Bishop Kemme said the honor of doing so is magnified by the fact that every man ordained could have done anything else with their lives, as gifted, talented and skilled as they are, but they instead answered the call of Christ “to live a life of service, a life of humble charity, a life of unfeigned love and unassuming authority, to have heartfelt concern for the sick and the poor, to possess the purity of innocence and the observance of spiritual discipline, all of this in radical imitation of and conformity to Christ, the Lord.”
Their commitment instills him, Bishop Kemme said, with a profound sense of wonder and awe at how God works.
“We are also filled, I hope, with gratitude and respect for these men, who in spite of the culture and generation from which they come and the aspirations that so many in that culture and generation would have had for them, have heard and said ‘yes’ to a different call, to be men of the church, men with a mission and a purpose to bring the Joy of the Gospel to every creature.”
Some might say what the seminarians are doing is absurd, he said: to bind themselves in obedience to the bishop, to embrace a life of celibate chastity, and to give themselves of a life of service.
“But we believe otherwise, for the demands of the Gospel have always presented themselves to previous generations as difficult, if not impossible; we hold onto the promise of the Master that those who give up all of this will receive a 100 times more in this life and eternal life in the age to come.”
He said the three men ordained to the diaconate when their names were called, responded by saying “present.”
“This is the first indication that they are willing to publicly embrace the office soon to be entrusted to them,” Bishop Kemme said. “They then physically moved from their place among the baptized to a place here among us, not to indicate a place of privilege, but rather a place of service, set apart for a different ministry in the church.”
They are and will be, he said, present: to the promptings of the Holy Spirit; to become a lifelong force of selfless service in a world that because of original sin is prone to selfish pursuits and mindless pleasures; for the challenges of radical discipleship lived out in obedience; for a life of celibacy; and for a life of prayer.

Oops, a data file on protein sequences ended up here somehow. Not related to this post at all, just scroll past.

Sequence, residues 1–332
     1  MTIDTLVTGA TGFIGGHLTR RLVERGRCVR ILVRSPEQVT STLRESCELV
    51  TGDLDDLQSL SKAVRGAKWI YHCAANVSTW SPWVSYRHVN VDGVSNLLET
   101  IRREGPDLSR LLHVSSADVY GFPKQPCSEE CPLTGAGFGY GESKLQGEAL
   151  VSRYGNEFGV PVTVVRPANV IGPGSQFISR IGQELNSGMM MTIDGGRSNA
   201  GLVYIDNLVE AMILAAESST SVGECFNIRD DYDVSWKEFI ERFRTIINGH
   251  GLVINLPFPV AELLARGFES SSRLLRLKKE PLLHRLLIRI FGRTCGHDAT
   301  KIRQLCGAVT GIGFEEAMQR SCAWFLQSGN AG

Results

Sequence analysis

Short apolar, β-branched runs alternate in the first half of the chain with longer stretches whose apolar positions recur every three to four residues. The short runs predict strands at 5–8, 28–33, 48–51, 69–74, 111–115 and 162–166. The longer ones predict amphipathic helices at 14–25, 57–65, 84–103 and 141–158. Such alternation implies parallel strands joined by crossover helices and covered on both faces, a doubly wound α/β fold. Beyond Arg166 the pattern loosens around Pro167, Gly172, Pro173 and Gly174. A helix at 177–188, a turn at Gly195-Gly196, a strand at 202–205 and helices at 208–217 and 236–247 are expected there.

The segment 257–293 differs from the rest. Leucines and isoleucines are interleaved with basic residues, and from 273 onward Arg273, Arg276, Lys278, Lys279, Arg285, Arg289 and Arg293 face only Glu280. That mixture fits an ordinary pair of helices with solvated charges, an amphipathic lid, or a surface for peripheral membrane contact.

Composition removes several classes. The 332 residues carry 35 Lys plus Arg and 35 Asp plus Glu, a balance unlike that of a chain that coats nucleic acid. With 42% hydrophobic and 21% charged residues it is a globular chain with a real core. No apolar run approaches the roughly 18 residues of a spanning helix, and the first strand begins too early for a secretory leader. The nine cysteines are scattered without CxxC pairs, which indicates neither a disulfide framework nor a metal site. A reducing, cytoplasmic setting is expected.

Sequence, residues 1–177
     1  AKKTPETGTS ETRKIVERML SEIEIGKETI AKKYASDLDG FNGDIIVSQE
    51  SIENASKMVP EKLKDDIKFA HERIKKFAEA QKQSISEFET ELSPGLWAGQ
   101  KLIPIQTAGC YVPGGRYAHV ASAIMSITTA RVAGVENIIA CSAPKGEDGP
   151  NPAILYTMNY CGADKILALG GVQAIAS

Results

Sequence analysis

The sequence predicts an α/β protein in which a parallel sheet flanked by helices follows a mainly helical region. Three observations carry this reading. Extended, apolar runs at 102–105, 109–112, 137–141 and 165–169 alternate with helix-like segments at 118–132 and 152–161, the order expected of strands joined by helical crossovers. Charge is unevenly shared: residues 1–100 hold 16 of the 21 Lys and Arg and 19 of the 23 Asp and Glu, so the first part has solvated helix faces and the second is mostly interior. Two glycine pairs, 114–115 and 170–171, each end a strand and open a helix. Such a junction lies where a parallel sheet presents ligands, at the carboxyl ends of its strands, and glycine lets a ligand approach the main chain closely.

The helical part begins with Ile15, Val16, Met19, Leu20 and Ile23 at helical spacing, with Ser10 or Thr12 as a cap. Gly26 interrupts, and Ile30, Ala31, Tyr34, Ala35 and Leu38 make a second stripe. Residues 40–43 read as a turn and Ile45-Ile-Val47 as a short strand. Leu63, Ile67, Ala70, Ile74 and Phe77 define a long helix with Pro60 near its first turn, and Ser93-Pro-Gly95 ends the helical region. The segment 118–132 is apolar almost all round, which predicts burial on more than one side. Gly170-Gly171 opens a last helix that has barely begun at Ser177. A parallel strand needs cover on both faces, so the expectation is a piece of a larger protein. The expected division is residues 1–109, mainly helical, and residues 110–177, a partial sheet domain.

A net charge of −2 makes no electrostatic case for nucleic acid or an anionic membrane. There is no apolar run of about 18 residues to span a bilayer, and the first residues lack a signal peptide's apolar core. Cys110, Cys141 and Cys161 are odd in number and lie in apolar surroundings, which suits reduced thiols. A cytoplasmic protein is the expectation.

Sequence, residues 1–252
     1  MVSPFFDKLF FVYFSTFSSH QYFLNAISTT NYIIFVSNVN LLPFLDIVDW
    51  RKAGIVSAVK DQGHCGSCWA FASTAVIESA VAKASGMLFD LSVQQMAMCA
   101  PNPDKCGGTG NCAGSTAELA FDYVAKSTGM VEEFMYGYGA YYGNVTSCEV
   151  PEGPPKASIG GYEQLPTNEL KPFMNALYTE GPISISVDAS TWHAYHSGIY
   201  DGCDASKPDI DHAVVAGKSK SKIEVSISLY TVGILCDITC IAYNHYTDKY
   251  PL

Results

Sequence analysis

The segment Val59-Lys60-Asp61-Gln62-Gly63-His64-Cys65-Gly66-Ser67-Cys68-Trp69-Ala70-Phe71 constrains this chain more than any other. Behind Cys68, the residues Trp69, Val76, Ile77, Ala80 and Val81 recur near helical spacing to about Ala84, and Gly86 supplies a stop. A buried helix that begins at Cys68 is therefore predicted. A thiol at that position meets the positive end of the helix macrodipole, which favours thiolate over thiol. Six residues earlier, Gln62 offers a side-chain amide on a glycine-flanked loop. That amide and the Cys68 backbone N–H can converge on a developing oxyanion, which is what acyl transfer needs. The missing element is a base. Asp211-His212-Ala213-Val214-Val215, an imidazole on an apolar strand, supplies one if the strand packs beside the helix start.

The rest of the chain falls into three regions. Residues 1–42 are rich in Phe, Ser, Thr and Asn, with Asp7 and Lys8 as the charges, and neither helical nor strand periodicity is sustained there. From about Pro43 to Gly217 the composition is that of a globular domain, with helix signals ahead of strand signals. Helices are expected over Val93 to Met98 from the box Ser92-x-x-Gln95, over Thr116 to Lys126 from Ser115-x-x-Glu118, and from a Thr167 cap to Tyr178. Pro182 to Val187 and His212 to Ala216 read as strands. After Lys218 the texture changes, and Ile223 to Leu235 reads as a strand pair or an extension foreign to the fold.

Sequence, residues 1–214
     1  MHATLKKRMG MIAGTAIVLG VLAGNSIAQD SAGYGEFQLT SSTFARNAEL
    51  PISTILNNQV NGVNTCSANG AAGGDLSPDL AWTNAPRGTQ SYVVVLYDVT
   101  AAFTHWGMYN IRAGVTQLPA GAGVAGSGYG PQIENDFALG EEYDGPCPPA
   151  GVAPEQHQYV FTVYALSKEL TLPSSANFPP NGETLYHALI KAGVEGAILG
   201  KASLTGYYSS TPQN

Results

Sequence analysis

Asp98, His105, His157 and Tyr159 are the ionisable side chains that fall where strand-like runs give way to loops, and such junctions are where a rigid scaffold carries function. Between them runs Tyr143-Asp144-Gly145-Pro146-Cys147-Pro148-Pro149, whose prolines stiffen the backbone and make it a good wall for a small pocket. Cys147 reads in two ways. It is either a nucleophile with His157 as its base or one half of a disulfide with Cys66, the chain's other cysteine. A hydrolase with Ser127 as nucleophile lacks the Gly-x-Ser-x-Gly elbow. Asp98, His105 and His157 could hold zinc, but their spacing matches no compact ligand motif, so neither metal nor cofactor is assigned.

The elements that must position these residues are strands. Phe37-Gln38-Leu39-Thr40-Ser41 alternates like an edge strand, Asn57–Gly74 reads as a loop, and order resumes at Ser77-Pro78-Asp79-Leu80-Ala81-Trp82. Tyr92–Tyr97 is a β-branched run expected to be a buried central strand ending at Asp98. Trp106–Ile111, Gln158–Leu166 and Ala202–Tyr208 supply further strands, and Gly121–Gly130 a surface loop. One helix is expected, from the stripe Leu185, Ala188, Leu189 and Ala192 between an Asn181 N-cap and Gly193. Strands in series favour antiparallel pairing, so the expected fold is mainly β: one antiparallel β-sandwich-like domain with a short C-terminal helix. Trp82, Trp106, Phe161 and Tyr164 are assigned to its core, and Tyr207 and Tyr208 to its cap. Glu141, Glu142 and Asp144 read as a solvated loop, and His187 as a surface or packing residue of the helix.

“All of this is contained in that one response, ‘present,’ present here today among us as those Jesus calls in the Gospel to be no longer his slaves, but his friends, whom he appoints to go and bear fruit that will remain,” he said.
“My dear sons and brothers, may fruit come about through your preaching, your teaching, and your service to the bishop, the presbyteral college, and the community of faith that is our diocese.”
Referring the second reading of the day, Bishop Kemme urged the deacons-to-be to remember the words of St. Peter: “As each one has received a gift, use it to serve one another as good stewards. Whoever preaches, let it be with the words of God; whoever serves, let it be with the strength that God supplies, so that in all things God may be glorified through Jesus Christ, to whom belong glory and dominion, forever and ever. Amen.”

Five of the ordinandi listen to Bishop Kemme.
Bishop Kemme with most of his priests of the diocese. (Advance photos)
The Most Rev. John B. Brungardt, left, bishop of the Diocese of Dodge City, and Bishop Carl A. Kemme with the newly ordained priests of the Diocese of Wichita. Father Michael Brungardt is Bishop Brungardt’s nephew. (Advance photos)
Bishop Kemme ordains Father Matt Davied May 26 at Church of the Magdalen.
The Rev. Mr. Drew Dellasega, ordained to the diaconate on May 19, reads the Gospel.

Bishop Kemme announces the assignments for the new priests

Bishop Carl A. Kemme has assigned the newly ordained priests. Here are their assignments:
The Rev. Michael G. Brungardt - Newly Ordained Priest, Parochial Vicar, St. Margaret Mary Parish, Wichita, Effective, June 19, 2018
The Rev. Garett P. Burns - Newly Ordained Priest, Parochial Vicar, Cathedral of the Immaculate Conception, Wichita, Effective, June 19, 2018